Remembering Rabbi Gershon Tannenbaum, z’l
For the past two years, I had been working with Rabbi Gershon Tannenbaum, z’l, to publicize and memorialize the life of the righteous gentile Raoul Wallenberg. Rabbi Tannenbaum liked to point out that Raoul Wallenberg was listed in the Guinness Book of World Records as holding the record for saving more lives than any other person. He saved over 100,000 Jews from the Holocaust. Because of Steven Spielberg’s blockbuster movie success about another righteous gentile, Oskar Schindler, Raoul Wallenberg’s name seemed to have been pushed to the sidelines. Rabbi Tannenbaum jumped into action and began a movement, which I had the privilege to be a part of, to tell the amazing and awesome story of Raoul Wallenberg.
Unfortunately, Rabbi Tannenbaum passed away in his sleep on Rosh Chodesh Adar Rishon, on the first day of Adar. He came close to making the “motion picture,” as he called it, about Raoul Wallenberg that he dreamed about up until the last day of his life. He made it a point to always tell me about all the families that he personally knew that had been saved by Raoul Wallenberg.
Rabbi Tannenbaum was a complex individual. He was the head of the Igud HaRabbonim, which has over 1,000 rabbis to its credit. He was a true genius with an encyclopedic mind. He knew Torah backwards and forwards, and he knew the secular world. He was respected in the Agudah world as well as the chassidic world. He was the beloved rabbi of Congregation Bnai Israel of Linden Heights.
He wrote numerous articles for the Jewish Press and the Five Towns Jewish Times. His last article was a eulogy of Rabbi Chaim Yisroel HaLevi Belsky, of blessed memory, who recently passed away.
Rabbi Tannenbaum was born in a DP camp in Windsheim, Germany, to Hungarian parents from a long line of illustrious rabbis. He served for a short time with Rabbi Aryeh Levin of Jerusalem. He always offered his help to anyone in need. The family recalls how he helped save the life of an infant from a prominent Israeli family who needed open-heart surgery in the United States. The surgery was not available in Israel. Rabbi Tannenbaum made it happen, including getting a passport for the infant just in the nick of time.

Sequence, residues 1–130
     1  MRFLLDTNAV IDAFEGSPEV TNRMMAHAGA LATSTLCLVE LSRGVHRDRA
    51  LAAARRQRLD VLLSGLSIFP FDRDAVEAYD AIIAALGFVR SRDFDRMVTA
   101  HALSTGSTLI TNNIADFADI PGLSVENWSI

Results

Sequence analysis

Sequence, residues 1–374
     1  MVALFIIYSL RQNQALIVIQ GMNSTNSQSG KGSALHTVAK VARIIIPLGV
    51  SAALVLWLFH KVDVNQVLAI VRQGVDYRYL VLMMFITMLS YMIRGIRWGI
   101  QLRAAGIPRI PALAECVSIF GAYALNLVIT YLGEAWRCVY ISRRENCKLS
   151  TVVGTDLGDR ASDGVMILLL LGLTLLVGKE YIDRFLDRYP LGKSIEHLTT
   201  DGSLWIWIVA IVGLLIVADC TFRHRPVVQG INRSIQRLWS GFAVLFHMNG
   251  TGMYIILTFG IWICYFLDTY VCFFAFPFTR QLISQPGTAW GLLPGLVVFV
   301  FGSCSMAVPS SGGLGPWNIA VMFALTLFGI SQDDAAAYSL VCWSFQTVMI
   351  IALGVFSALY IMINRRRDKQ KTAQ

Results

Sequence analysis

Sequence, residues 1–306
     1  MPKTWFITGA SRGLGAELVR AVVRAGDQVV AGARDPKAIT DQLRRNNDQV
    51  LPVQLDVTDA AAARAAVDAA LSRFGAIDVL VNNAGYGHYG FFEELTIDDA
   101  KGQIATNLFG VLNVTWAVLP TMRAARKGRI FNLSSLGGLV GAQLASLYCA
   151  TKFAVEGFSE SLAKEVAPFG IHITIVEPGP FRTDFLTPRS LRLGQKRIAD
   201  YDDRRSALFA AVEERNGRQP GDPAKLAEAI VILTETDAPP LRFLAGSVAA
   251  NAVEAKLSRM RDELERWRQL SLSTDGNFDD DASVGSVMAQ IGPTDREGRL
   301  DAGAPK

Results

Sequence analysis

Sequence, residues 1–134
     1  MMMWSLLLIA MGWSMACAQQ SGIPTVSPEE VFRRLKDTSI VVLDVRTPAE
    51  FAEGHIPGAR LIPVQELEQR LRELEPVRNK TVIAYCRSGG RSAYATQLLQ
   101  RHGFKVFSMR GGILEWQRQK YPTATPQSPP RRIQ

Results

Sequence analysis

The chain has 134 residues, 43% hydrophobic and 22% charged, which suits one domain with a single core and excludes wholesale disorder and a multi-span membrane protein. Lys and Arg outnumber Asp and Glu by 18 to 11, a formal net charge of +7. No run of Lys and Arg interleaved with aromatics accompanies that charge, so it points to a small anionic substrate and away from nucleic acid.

Rabbi Tannenbaum also gained the respect of everyone he met in Hollywood in his attempt to make a movie about Raoul Wallenberg. James Brubaker, who had produced many hit movies, including Rocky III and Rocky IV, was in awe of him. The rabbi took Mr. Brubaker to an Orthodox synagogue in Los Angeles, where he was greeted with open arms. Bruce Willis, the actor, greeted him warmly when they ran into each other. People responded with genuine warmth to Rabbi Tannenbaum wherever he went.
Soon after Raoul Wallenberg would have turned 100, Rabbi Tannenbaum spoke at the Young Israel of Jamaica Estates in his honor. He knew every detail of his life. The mara d’asra of the Young Israel of Jamaica Estates, Rabbi Shlomo Hochberg, at the same dinner, said that had there been 60 Raoul Wallenbergs, there would not have been a Holocaust. Denis Hamill quoted Rabbi Hochberg in the Daily News the next day.
A real highlight for Rabbi Tannenbaum was meeting the sister of Raoul Wallenberg in Washington, DC on July 9, 2014, at the Congressional Gold Medal Ceremony for Raoul Wallenberg organized by Ezra Friedlander. Rabbi Tannenbaum was beaming. He was so happy to be able to thank the sister in person for all that her brother had done.
I will never forget our precious time together. His passing was a complete shock. He will be a powerful advocate in Heaven for the Jewish people. The family should be comforted among the mourners of Zion and Yerushalayim.
Joseph Frager, MD